As for the blowing up stuff, I think every kid goes through this stage. I was fortunate that my dad was a chemist and showed me the most incredible mixtures, and the only condition was that I followed sensible safety precautions, and I told him what I was doing... and when you have a qualified chemist giving you instructions and explaining what would happen if, for example, you added the acid to the base instead of the base to the acid, then you rapidly develop a respect for chemicals. I had great fun, and my dad even ordered chemicals for my projects.

My problem with this kid doing this alone and unsupervised is that, even with supervision, I once nearly lost my eyebrows to a simple mixture of potassium nitrate and sugar (I was making smoke bombs) when I fractionally overheated the mixture. I was fortunate I was wearing goggles with proper glass lenses (not the cheap plastic ones you get at school) or I could have burnt my eyes. I also set fire to the bench I was working on (I jumped back, knocked over the bunsen burner, which ignited one of the smoke bombs, which in turn ignited a bowl of chemicals... it was a mess). A bucket of sand I had been instructed to keep by the bench sorted it out, but without my dad's precautions it could have been nasty (as punishment for carelessness I had to re-sand and polish the workbench to get rid of the scorch marks before I was allowed any more experiments - my dad was very understanding and the hours of work with sandpaper gave me time to think over my mistake).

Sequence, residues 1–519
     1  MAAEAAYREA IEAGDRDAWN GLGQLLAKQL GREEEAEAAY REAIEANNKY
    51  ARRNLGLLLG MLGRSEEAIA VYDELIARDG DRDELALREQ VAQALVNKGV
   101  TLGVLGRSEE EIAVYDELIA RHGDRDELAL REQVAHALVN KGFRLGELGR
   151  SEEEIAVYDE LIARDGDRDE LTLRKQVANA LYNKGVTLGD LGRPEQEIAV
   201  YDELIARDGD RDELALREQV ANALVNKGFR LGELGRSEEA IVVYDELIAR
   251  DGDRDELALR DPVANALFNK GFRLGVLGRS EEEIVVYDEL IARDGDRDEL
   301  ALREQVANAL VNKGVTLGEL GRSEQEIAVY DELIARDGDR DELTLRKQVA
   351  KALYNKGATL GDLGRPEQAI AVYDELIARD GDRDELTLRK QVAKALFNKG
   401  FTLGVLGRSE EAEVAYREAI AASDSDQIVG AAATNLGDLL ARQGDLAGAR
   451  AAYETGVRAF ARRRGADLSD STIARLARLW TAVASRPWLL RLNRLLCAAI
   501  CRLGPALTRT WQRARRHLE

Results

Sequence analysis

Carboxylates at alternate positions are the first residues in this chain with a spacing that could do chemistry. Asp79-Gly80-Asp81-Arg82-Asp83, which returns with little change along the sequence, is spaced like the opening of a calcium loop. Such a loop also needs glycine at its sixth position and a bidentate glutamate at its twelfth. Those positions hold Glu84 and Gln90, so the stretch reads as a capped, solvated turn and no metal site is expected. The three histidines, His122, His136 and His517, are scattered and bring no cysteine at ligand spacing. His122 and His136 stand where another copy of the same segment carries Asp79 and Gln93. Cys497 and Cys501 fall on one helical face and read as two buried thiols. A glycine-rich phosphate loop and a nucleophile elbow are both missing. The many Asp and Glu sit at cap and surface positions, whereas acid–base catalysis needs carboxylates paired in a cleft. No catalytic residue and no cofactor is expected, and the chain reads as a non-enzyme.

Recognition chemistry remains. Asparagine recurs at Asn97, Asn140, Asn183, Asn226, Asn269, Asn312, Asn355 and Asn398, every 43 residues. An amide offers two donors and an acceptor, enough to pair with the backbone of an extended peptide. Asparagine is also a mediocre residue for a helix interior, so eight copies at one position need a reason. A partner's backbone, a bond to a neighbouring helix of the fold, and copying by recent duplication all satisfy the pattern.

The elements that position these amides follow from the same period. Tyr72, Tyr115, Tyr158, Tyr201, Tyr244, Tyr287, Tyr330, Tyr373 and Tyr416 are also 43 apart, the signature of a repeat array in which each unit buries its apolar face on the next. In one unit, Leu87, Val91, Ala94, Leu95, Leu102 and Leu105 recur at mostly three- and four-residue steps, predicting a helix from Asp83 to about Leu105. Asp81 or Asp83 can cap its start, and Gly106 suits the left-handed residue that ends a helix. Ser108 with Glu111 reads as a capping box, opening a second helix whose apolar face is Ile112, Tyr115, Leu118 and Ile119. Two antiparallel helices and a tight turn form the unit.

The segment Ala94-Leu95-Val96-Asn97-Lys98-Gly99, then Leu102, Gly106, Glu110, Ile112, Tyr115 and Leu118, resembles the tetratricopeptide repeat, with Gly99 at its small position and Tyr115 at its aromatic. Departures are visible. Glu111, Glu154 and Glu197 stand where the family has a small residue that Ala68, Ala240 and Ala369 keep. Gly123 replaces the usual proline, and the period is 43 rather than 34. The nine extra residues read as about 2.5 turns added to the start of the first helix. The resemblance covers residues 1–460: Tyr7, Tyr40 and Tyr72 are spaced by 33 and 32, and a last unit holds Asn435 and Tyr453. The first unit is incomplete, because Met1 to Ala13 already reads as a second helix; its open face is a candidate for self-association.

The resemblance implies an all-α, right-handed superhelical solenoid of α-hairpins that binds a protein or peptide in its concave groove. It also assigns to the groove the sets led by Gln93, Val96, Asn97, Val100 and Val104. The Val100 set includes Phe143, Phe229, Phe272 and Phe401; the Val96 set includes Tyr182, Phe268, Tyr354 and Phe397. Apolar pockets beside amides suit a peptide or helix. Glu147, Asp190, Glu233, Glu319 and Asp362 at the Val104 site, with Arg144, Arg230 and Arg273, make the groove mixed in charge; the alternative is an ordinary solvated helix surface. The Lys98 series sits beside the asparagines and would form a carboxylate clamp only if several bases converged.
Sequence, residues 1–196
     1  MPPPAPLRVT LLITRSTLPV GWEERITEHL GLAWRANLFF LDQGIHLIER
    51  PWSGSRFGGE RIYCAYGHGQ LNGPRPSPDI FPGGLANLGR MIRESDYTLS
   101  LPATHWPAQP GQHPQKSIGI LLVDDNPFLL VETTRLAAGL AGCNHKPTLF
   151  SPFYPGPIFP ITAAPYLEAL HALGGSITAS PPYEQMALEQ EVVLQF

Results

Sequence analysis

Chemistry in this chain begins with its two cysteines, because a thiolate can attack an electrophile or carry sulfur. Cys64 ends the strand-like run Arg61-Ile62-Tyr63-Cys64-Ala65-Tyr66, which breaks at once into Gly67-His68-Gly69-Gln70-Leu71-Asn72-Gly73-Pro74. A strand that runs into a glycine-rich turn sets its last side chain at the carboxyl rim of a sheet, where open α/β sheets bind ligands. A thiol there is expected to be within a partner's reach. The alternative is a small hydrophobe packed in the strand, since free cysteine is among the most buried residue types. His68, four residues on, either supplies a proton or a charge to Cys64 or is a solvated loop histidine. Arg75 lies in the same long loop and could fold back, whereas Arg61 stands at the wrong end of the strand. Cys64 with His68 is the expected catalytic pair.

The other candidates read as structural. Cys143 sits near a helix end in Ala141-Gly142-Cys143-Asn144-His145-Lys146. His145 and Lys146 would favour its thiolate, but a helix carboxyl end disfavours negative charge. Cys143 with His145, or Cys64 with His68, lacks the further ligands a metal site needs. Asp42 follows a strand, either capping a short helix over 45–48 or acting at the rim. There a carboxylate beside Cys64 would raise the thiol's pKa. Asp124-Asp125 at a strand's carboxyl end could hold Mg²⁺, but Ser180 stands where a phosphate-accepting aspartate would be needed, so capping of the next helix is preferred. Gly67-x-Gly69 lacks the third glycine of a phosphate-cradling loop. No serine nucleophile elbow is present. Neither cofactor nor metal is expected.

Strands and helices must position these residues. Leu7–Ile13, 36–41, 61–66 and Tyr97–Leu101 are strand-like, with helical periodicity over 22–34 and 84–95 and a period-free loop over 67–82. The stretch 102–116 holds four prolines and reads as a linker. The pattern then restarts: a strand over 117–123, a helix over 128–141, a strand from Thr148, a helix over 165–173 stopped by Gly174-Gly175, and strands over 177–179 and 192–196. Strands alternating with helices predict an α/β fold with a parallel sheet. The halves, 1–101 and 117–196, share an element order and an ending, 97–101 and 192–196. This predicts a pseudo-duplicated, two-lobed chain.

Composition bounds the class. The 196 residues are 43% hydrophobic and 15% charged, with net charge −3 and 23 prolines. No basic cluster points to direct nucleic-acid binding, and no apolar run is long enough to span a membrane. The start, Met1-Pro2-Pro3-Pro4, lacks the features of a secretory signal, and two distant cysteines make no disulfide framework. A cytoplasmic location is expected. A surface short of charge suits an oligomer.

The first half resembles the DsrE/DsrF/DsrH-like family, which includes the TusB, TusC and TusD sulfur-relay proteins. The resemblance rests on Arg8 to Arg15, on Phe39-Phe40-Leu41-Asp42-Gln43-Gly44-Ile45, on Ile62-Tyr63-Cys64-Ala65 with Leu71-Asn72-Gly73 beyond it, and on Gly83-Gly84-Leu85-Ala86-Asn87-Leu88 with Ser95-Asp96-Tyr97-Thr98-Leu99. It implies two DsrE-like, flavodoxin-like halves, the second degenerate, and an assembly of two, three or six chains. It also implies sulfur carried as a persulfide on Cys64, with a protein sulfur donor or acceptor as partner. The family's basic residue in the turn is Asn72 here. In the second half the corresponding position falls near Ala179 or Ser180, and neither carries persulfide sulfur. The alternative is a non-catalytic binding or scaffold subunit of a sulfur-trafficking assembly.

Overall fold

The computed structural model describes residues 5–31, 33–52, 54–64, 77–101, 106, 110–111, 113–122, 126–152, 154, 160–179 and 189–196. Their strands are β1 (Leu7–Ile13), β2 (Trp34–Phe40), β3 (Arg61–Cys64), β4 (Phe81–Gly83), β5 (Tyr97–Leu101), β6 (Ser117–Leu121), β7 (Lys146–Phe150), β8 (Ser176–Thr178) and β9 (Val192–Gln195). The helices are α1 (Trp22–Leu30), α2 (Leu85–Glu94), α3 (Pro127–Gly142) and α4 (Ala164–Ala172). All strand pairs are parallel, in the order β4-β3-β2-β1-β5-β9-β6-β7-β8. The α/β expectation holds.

The point is that this kid needs to be sat down and set straight before he ruins his life, either by continuing thieving or by killing himself with those chemicals. If that means a week in jail to contemplate his options then that's fair.

1 ( +1 / -0 )

This kid will become a terrorist.

-2 ( +0 / -2 )

Smart kid. We also discovered the ingredients for gunpowder in our school's encyclopedia... picked up sulfur from the railroad tracks, charcoal from the barbeque, and saltpeter in cans ($0.19 cents at the time) at the drug store. We had a lot of fun making firecrackers and crude fuses, etc.

Unfortunately, those days are gone for kids. Everything has become a federal offense.

1 ( +1 / -0 )

I had a friend in secondary school who was a budding chemist....when he started talking about the periodic table and formulas, I would just gape in awe (he even knew the recipe for nitroglycerin by heart). Naturally, one of his favorite activities (like with most 14 year old boys) was to make things go boom, so he would regularly detonate some crazy concoction in the middle of nowhere...that Hokkaido-boy deserves a slap on the wrist, that's all....no need to involve the police over such things.

0 ( +0 / -0 )